Editor’s note: The Pennsylvania Association of Realtors® is celebrating its 100th anniversary this year. As part of our Member Profile feature, we’ll be highlighting some of the Realtors® who have served as president of the organization.
Name: Bette McTamney Company: RE/MAX 440, Skippack Years in real estate: 37 years Local association: Montgomery County Association of Realtors® Year served: 2013 president
If you could go back in time, what advice would you give your younger self? I can think of many things, but when it comes to my real estate career, I think I should have become involved in leadership at the local, state and national levels way earlier than I did. I got tapped on the shoulder in 1986 to come to a PAR meeting. I wasn’t even serving on a local committee at that point, but then having visited a PAR meeting, it opened my eyes to see how great our local association really was. I wish I had done it many years earlier; I think I would have joined in leadership a lot sooner. Honestly speaking, I think if I had been involved earlier, it would have boosted my career a lot faster. That said, I hope others who think about doing it, do it sooner rather than later.
Why should agents get involved in their local, state and national associations? I think if you feel that is a direction you wish to go, you should consider doing it right away. If someone asks you to come to a meeting or consider getting involved in a committee, I think you should absolutely do it. If it’s not for you, that is OK too. I would suggest you do it because having started on the local level and then advancing to the state level and now actually being very involved at the national level, it was probably one of the best things I ever did for my career and my confidence in myself. The networking opportunities alone are tremendous, being able to call people from across the state to give them a referral and then they reciprocate to give you one boosted my business beyond my expectations. The best part is feeling comfortable working with other Realtors®, especially in my local market, as they are the ones who you’re going to work with on a daily basis. When you get involved on the local or state level, you actually get to meet other Realtors®, you get to know them. I always like to encourage people to get involved at the local level as I believe it’s a great thing for your business.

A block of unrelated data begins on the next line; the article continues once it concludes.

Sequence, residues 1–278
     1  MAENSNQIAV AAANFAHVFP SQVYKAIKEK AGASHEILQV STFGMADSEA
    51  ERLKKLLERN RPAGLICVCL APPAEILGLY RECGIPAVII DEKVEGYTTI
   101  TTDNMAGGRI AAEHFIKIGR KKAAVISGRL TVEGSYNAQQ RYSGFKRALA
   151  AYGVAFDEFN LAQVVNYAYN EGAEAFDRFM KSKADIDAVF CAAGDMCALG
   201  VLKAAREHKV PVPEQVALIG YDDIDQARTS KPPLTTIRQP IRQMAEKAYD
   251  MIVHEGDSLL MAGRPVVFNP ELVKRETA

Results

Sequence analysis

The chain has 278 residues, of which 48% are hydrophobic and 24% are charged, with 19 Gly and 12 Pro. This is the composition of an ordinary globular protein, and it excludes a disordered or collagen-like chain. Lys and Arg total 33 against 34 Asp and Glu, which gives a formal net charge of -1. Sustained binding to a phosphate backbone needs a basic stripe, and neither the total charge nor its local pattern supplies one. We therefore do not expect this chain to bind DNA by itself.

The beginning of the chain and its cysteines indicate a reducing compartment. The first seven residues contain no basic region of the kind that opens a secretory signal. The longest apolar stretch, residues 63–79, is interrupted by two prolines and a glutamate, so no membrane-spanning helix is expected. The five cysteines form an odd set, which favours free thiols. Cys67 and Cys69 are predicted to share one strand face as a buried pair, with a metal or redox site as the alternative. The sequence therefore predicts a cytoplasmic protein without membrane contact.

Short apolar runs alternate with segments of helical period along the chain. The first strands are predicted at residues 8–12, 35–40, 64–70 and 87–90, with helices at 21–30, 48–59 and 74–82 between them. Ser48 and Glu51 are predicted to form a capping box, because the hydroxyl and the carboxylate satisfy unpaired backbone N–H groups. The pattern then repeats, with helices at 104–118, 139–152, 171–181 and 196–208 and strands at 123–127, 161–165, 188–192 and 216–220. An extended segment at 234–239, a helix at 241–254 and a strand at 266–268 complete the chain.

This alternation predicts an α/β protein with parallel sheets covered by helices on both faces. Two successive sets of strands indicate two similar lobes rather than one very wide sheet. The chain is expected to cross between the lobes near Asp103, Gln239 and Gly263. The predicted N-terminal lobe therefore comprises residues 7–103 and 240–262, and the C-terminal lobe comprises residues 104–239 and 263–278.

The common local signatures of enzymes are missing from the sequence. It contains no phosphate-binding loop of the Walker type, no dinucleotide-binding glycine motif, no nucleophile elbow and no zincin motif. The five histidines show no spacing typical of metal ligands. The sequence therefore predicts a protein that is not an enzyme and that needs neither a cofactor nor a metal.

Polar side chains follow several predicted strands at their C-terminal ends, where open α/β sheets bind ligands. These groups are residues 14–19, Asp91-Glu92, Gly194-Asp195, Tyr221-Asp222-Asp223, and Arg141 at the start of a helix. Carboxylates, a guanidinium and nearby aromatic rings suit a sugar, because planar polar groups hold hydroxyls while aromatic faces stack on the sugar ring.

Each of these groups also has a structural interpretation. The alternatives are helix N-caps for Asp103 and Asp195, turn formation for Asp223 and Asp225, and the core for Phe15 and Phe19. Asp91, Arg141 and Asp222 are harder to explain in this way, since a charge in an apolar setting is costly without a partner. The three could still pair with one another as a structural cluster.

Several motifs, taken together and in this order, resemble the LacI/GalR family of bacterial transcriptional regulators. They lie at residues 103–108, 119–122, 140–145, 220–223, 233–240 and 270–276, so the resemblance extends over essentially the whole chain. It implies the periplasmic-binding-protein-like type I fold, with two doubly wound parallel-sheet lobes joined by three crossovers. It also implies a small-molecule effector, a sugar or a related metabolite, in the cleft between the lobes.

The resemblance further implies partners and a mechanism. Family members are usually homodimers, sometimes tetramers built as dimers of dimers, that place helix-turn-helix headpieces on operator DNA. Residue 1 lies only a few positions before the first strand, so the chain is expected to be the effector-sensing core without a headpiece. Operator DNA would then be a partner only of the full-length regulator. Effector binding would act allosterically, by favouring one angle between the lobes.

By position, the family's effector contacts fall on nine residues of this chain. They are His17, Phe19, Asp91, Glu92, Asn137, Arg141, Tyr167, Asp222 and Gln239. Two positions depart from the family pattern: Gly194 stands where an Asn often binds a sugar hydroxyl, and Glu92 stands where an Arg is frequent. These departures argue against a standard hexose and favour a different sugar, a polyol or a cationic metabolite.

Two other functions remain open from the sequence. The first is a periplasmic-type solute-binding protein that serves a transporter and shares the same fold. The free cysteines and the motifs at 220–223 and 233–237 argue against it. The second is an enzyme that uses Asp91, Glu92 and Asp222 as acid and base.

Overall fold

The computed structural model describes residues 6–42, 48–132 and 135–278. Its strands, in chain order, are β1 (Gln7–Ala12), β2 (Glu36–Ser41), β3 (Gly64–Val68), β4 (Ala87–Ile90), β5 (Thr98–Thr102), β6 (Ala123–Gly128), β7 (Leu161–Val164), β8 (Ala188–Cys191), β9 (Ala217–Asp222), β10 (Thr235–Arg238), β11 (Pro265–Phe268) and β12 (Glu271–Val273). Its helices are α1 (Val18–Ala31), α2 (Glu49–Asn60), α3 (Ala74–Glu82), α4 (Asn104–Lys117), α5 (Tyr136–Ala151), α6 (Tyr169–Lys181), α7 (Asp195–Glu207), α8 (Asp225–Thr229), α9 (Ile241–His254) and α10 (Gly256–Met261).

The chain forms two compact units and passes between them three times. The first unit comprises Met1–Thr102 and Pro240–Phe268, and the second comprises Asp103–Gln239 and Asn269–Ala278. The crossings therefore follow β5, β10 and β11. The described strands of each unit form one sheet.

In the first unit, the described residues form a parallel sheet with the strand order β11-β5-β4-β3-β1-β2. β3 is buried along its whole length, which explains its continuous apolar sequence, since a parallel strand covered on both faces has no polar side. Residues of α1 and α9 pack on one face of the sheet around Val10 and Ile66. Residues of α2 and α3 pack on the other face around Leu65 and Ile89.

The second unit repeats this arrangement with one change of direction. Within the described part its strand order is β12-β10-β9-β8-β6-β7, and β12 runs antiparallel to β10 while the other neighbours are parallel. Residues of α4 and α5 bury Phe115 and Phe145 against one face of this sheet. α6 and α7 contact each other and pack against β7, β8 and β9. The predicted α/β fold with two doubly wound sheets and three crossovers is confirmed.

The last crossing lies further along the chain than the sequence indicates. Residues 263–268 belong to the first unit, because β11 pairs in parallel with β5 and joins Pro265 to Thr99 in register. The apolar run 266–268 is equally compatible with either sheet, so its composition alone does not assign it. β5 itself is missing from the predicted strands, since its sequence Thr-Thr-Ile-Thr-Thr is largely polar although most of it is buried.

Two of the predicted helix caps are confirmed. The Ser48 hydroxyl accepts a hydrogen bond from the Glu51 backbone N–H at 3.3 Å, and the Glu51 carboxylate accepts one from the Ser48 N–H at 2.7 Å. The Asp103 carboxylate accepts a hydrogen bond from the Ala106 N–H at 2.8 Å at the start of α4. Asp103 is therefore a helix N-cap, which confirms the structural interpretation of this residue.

What advice would you give someone who was thinking of moving up through the offices in PAR? I think it’s a wonderful idea, but it’s not always for everybody. Sometimes you may think that
you’re not leadership material, but you find out very quickly when you get involved in committees, whether as a member or the vice chair or a chair, if this is something you’re really interested in. I remember thinking when I attended my first meeting, “Oh my gosh, this is so overwhelming.” I got involved in the Standard Forms Committee, which I absolutely loved, and then I wound up serving on that committee for seven or eight years, then I wound up serving on other committees as well. Had I known in the very beginning what my involvement would do for my career, like helping me to understand the forms, I would have done it sooner. Then I found that it was so easy to become involved and then become a vice chair and a chair of a committee, the next thing I knew, I was running for PAR treasurer. I think as you grow into these positions, you learn each year that you just keep going on up the ladder, as it all becomes the next step. I would encourage anyone who aspires to serve and volunteer at PAR, becoming an officer is a very fulfilling goal.
What’s the biggest change you’ve seen in the real estate market since you started? There have been a lot of changes in the real estate industry since I started, but I think probably one of the biggest changes that’s had an impact on me has been electronic forms. When I started in this business, we had a fax machine and carbon forms in order to do our agreements of sale. Technology has always moved the real estate industry, but using electronic forms and being able to do an agreement of sale and send it out to a client in California, then get it back signed in 10 minutes and then the house is sold is tremendous. It allows us to move forward with another transaction very quickly, so that has probably been one of the bigger changes we’ve seen.
Do you think the environment or technology will have a bigger impact on real estate in the next 100 years? It’s a tossup, but I’m going to go with technology. Just the thought of not having to put a customer in the car and drive them around and to show them 10 houses, when I can sit down with them and show them homes on their phones and we can look at a virtual tour of those homes, shows how technology has changed the business. Virtual reality allows clients to look at homes and make a decision by looking around the neighborhood and that’s amazing. After this past five months of COVID, it’s amazing how – here it is. Having represented a lot of builders, if they would never have to build a model would be great. The toughest part for clients used to be when there are three or four models, only one is built, they can’t decide until they see all of them. Builders would never have to build all of the models. Looking to the future, if clients do want to drive to visit a home, they may have a car that drives itself to take them there, wow. I honestly don’t believe that a faceless robot will ever replace a Realtor® because we are in a relationship business and believe we are the glue that keeps our transactions together. That’s Who We R.